Öresund (Swedish spelling) or Øresund (Danish spelling), or sometimes The Sound in English, is the strait that separates Zealand from Scania, and thereby Denmark from Sweden. Öresund connects the Baltic Sea to the Atlantic Ocean via the bay of Kattegat, and is one of the busiest waterways in the world.
Political control of Öresund has been an important issue in Danish (and Swedish) history. Danish military control was maintained with the coastal fortress of Kronborg at Elsinore (Danish: Helsingør) on the western side, and Kärnan at Helsingborg on the eastern side, of Öresund's neck, where the strait is only 4.5 kilometers wide.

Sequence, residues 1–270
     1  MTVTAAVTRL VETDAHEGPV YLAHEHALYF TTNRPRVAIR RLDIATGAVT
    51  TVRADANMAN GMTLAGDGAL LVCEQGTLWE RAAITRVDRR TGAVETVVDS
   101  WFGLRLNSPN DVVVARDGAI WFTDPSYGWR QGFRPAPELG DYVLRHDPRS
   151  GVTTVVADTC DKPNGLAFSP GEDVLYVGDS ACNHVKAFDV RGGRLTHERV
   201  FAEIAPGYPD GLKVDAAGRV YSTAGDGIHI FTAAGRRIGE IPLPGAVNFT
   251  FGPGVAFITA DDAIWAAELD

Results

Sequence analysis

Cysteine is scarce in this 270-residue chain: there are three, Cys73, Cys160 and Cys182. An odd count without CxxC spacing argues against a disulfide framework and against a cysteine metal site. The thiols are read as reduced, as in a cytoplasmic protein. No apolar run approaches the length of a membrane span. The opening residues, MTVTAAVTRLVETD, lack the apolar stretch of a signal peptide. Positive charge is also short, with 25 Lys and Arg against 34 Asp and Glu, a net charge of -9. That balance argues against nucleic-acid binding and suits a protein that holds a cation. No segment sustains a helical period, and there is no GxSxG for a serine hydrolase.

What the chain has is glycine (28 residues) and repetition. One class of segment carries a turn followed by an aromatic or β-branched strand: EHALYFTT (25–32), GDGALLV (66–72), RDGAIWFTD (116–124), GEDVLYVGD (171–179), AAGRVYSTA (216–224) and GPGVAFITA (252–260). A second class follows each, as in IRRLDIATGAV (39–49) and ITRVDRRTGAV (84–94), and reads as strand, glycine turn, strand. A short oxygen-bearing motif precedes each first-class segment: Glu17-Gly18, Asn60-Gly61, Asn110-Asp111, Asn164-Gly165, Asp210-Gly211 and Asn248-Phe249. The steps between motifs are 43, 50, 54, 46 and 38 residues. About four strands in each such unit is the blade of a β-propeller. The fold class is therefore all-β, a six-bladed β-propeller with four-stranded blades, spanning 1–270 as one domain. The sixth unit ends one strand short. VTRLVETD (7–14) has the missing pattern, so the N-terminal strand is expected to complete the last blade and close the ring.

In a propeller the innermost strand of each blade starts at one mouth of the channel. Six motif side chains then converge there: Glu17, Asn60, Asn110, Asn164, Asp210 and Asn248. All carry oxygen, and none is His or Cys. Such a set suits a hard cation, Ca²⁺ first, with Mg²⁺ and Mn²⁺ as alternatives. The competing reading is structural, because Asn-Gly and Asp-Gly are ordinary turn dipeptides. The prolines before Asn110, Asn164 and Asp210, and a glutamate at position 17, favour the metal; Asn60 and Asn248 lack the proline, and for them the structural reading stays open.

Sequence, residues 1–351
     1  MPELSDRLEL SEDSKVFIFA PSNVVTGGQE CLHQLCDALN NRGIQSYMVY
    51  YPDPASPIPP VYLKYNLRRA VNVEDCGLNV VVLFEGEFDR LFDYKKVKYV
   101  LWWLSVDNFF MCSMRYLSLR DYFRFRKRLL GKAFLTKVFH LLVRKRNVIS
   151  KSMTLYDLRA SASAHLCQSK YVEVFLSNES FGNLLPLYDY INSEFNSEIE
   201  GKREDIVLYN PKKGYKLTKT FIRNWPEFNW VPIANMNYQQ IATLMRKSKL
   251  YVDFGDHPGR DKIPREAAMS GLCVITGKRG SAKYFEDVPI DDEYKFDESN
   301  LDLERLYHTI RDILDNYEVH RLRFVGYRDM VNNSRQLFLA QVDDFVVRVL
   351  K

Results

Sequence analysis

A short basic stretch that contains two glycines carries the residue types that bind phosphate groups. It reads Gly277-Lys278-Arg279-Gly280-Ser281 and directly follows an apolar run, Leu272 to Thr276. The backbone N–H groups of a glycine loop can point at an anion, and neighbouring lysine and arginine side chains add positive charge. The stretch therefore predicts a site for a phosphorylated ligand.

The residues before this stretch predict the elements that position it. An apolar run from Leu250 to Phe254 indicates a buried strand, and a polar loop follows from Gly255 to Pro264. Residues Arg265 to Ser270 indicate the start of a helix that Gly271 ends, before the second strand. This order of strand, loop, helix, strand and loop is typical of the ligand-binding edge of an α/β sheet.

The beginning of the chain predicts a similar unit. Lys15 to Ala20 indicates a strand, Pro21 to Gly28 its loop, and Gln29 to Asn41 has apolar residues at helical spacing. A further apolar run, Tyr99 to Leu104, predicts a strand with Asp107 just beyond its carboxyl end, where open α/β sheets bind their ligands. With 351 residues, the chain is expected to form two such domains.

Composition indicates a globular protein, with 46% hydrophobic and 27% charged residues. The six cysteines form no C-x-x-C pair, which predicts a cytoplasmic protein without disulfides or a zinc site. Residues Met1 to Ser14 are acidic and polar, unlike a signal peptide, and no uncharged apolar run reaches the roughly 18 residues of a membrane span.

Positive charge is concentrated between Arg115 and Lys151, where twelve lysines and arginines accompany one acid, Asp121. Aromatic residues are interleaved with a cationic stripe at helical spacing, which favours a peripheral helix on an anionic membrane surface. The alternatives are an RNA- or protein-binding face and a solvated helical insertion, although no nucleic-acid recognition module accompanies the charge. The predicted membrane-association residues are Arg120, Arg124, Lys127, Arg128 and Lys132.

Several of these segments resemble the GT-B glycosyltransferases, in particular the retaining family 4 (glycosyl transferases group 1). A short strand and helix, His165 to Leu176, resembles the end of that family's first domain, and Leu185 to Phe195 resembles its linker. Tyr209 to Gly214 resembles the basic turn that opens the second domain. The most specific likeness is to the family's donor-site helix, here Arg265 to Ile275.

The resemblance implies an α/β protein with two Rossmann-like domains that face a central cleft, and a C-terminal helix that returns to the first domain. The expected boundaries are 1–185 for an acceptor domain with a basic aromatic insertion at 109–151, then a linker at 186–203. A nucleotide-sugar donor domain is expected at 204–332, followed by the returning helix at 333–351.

In 1429 King Eric of Pomerania introduced the Øresund-Toll. Every ship passing Elsinore had to pay duty to the Danish Crown (regardless if the cargo was en route to or from Denmark or not). The Øresund-Toll was for centuries the Crown's most important income, making the kings relatively independent of Denmark's Privy Council and aristocracy. After 1658, when Terra Scania was ceded to Sweden, the toll could not be enforced as before, but it wasn't abolished until 1857.